Black holes are singularities. This means that they must exist as point masses, according to general relativity. The gravitational field around a point mass must have a hyperbolic potential profile, not a parabolic one as assumed by Newton’s Law of Gravity. This is because the event horizon of a black-hole is not a true surface like that of a planet or a surface zone like that of a star. The only characteristic of a black-hole that makes any difference here is the point-mass at the Heisenberg uncertainty constrained center. Mordechai Milgrom's work (see below) proves that there is more to a black-hole than just its event horizon.

A hyperbola is characterized by asymptotes that define the extreme behavior of the curve far from the origin. Hyperbolic curves merely approach, but never reach the asymptotes. Proper parabolas, on the other hand, approach and reach their extreme values eventually. For instance, a proper parabola will actually pass through the origin, but the equivalent hyperbola never will.

The hyperbolic gravitational field profile (a 2D graph) around a black hole has significant consequences. These effects include a much slower fall-off of the gravitational potential as one proceeds to larger distances, r, from the origin. The mass of the supermassive black hole at the center of most spiral galaxies is a few million solar masses at most. But, the mass of the entire galaxy is several hundred billion solar masses. So, it would seem that the mass of the central black hole is insignificant relative to the galaxy as a whole. But, since the gravitational fields of the black hole and of the galaxy must be perfectly aligned and co-axial, the fields must superpose, reinforce and merge as one. So, the effective mass of the central black hole must be in the hundreds of billions of solar masses. The consequence of this is that the gravitational field experienced by any given star or group of stars near the periphery of a spiral galaxy must be declining as 1/r*, by the definition of a hyperbola, not as 1/r^{2}, according to Newton’s Law. The unit vector,, allows proper dimensional analysis. It is a constant, so the equation, say, F = GmM/ r*, is hyperbolic in nature. The symbol, r*, is the variable r (distance from the graphical origin or from the center of a galaxy) multiplied by the dimensioned value of the unit vector associated with the vector equivalent of r, (rr). This ensures that the "hyperbolic" Newtonian equation F = GmM/r* passes dimensional analysis. But, there are other fundamental justifications for its use. Normally we use the "parabolic" form F = GmM/r_{1}^{2}. But not when super-massive black holes are involved.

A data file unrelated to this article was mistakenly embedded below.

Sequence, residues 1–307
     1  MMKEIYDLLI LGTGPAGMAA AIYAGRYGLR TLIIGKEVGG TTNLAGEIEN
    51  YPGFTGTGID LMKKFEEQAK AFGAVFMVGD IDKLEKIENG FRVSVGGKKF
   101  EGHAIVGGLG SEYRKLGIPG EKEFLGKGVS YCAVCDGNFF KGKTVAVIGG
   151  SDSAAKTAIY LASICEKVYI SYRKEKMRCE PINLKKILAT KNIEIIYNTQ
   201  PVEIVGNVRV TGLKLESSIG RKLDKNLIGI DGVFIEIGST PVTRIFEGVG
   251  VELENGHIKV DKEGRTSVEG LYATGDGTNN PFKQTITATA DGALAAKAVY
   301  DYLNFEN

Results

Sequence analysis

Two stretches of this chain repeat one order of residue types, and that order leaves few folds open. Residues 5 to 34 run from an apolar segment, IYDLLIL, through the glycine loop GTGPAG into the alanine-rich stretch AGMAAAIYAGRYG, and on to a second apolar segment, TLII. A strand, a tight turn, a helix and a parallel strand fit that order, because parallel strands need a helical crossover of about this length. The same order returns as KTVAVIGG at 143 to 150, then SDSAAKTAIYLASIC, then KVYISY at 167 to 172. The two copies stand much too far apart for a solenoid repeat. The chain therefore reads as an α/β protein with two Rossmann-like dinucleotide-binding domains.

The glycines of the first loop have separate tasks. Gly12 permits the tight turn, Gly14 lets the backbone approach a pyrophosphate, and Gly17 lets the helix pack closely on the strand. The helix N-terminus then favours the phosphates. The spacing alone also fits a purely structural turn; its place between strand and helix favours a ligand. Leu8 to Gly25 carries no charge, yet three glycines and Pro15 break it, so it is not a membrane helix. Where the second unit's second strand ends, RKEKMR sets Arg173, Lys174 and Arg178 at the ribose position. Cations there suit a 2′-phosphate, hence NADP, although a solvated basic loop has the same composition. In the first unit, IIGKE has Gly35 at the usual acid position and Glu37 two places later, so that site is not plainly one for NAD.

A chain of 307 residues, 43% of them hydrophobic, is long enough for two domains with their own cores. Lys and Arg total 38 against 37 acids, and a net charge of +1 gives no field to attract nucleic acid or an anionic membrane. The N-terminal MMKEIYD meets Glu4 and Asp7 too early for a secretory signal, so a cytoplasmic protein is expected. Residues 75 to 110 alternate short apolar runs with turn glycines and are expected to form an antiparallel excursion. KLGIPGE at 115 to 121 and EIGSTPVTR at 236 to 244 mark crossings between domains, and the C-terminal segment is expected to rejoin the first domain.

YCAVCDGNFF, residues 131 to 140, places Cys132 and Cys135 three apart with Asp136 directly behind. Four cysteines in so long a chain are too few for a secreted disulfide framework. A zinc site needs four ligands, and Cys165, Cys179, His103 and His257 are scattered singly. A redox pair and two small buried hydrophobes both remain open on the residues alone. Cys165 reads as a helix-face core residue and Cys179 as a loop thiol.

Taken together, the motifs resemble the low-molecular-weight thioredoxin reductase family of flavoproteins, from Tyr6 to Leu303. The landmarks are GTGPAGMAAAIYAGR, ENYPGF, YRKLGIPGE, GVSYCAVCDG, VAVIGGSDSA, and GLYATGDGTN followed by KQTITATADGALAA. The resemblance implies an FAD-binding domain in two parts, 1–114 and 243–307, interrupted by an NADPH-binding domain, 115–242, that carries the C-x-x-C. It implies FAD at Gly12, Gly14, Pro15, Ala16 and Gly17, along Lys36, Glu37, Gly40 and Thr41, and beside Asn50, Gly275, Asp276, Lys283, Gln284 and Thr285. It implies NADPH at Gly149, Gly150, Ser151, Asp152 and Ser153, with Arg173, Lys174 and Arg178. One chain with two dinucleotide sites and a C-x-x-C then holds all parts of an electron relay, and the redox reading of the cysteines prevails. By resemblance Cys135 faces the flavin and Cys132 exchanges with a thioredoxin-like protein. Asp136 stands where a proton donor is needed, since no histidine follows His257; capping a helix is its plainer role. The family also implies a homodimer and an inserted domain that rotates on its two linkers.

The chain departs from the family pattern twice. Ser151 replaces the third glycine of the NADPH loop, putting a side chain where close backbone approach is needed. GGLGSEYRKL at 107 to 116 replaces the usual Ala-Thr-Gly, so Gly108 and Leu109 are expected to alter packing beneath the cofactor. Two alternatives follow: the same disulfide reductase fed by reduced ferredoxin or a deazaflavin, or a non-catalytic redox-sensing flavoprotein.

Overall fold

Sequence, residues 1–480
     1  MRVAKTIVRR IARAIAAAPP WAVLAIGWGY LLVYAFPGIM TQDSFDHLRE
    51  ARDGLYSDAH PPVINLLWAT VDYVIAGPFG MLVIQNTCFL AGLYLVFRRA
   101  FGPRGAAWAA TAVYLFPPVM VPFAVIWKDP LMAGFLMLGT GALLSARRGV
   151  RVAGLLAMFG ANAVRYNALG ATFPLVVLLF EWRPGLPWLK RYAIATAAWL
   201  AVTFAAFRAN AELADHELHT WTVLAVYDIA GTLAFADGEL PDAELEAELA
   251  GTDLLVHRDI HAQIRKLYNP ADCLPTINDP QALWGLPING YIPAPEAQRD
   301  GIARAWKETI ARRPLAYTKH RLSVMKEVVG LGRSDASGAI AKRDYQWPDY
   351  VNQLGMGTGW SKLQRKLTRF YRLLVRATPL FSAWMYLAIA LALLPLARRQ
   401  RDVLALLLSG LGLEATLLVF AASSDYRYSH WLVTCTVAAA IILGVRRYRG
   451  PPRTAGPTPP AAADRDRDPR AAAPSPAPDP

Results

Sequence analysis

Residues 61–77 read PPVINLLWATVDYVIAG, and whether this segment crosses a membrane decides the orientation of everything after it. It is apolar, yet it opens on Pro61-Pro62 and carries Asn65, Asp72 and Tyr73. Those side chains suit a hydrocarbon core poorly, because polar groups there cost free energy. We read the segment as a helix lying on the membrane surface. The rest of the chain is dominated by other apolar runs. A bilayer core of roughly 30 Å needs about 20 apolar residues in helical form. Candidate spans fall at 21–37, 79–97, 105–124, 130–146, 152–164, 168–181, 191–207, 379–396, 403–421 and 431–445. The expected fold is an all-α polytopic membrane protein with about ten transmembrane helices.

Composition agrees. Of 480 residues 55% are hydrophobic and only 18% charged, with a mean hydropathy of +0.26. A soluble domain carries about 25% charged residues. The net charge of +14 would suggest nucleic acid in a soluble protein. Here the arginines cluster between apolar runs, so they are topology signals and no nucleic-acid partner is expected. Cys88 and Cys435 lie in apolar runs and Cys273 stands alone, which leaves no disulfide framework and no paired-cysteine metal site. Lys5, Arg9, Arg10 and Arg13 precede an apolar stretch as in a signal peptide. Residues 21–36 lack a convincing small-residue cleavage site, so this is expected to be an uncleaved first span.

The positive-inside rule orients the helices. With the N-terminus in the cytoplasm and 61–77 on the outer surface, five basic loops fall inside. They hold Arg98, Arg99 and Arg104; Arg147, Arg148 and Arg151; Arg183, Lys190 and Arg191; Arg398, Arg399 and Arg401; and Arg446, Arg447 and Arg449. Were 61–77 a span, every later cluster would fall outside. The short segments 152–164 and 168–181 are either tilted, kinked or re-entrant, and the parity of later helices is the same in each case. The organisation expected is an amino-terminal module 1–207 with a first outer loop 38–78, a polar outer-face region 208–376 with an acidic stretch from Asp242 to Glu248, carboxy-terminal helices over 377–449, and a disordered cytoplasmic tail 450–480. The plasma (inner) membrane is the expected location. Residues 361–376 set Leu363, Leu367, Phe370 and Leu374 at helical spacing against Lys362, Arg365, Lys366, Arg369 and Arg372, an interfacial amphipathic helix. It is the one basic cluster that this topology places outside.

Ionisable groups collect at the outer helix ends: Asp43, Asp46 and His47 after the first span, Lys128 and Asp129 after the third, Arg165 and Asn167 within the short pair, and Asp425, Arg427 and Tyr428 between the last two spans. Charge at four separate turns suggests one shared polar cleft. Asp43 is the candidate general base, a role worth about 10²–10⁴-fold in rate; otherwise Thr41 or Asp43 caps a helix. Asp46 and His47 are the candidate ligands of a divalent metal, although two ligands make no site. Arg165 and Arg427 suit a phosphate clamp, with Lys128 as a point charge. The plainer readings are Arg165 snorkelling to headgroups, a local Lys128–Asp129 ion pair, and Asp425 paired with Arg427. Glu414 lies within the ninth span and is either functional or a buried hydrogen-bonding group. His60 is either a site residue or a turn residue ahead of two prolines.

This explains the MOND effect, the residual gravitational potential constant that was observed by Mordehai Milgrom in 1983 for stars near the peripheries of spiral galaxies. MOND stands for Modified Newtonian dynamics, a proposed revision of Newton’s Law. I call it the “MOND effect” to distinguish it from MOND itself because when the hyperbolic (proportional to 1/r*) gravitational field is considered, no modification of Newton’s Law is required. Instead, a footnote must be appended to acknowledge that a hyperbolic 1/r* field can exist around black holes.

Another consequence is that there is no need to hypothesized “Dark Matter”. The rotational distribution effects around galaxies and the behavior of galactic clusters and super-clusters is explained by the hyperbolic black hole gravitational field effect. The behavior of colliding galaxies having hyperbolic gravitational fields that are in the process of merging is also explained.

Since the hypothesis of the existence of a huge point mass called an “inflaton” is used to explain numerous characteristics of the cosmic microwave background radiation (CMB) and the expansion of the universe, it makes sense to consider that the universe was once immersed in a hyperbolic 1/r* gravitational field. The inflaton itself can be said to have existed before the Big Bang (BB). So, its hyperbolic gravitational field must have existed then too.

The question arises: What happened to the hyperbolic field after the BB? At the instant of the BB, the hyperbolic field must have begun to collapse or transition from a hyperbolic field to a parabolic Newtonian filed. This transition should still be occurring, the process requiring the entire lifetime of the universe to complete. The hyperbolic field is inherently more intense than the equivalent parabolic field, so the transition to the weaker field must be releasing potential energy. This energy will show up as kinetic energy in the form of the accelerating expansion rate of the universe.

So, the source of “Dark Energy” is gravitational, not due to a new type of field called "quintessence". It would give a positive cosmological constant, Lambda, in the Friedmann equations under the FLRW metric. These are relativistic treatments, but the hyperbolic 1/r* gravitational field equations are purely Newtonian. Nevertheless, no “quintessence” field is needed, just as no “Dark Matter” is needed to explain the MOND effect.